Master of Science
Dr. Carol Wong
Effective frontline clinical managers (FLM’s) strongly influence the safe and optimal delivery of healthcare. However, the motivational potential of FLMs working with limited job resources can be hindered, affecting healthcare unit staff morale and adversely impacting organizational performance and patient outcomes. Since managers act as role models for employees, it is crucial for organizations to understand the positive influence of job resources on motivation in order to foster positive FLM working conditions and promote their effectiveness. The purpose of this study was to test propositions drawn from the Job Demands Resources Model, specifically the motivational pathway, to examine the relationships among frontline managers’ perceived organizational support, work engagement and job satisfaction. A secondary analysis of data collected from a predictive, non-experimental survey of FLM’s (n=159) from 14 Ontario teaching hospitals was conducted. Work engagement partially mediated the relationship between perceived organizational support and job satisfaction. Further, both work engagement and perceived organizational support were significant predictors of job satisfaction and accounted for 44% of the variance in job satisfaction. Results suggest the need for organizations to provide working conditions that are conducive to higher levels of FLM work engagement and job satisfaction ultimately contributing to safe and effective care delivery.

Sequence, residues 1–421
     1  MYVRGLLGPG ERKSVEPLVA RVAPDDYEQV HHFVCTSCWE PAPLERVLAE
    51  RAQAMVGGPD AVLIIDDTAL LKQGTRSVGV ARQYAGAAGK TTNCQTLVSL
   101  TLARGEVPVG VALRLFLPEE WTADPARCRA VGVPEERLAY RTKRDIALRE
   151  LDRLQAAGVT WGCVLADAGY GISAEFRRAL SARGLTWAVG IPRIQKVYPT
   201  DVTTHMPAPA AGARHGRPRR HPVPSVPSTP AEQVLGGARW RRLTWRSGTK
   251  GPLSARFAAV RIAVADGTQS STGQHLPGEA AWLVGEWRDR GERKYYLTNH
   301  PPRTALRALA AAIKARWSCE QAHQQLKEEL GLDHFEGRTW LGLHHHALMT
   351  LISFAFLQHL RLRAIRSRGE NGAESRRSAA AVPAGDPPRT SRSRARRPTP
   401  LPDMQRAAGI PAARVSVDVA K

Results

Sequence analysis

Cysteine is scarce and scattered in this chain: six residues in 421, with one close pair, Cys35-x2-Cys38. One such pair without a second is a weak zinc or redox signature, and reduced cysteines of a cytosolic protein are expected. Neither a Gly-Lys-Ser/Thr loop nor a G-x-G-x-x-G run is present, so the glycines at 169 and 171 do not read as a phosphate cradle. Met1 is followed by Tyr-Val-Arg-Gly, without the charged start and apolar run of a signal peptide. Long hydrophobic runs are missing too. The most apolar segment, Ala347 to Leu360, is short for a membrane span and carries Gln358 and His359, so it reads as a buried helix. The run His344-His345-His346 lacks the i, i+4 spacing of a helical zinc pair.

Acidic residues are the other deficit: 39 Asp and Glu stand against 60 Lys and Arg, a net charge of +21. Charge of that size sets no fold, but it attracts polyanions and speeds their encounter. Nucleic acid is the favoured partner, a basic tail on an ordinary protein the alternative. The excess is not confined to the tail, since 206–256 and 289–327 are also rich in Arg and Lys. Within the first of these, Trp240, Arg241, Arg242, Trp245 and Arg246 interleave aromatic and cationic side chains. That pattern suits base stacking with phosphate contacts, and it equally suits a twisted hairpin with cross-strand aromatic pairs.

Peterson, Alexandra, "Organizational Support and Job Satisfaction of Frontline Clinical Managers: The Mediating Role of Work Engagement" (2015). Electronic Thesis and Dissertation Repository. 2967.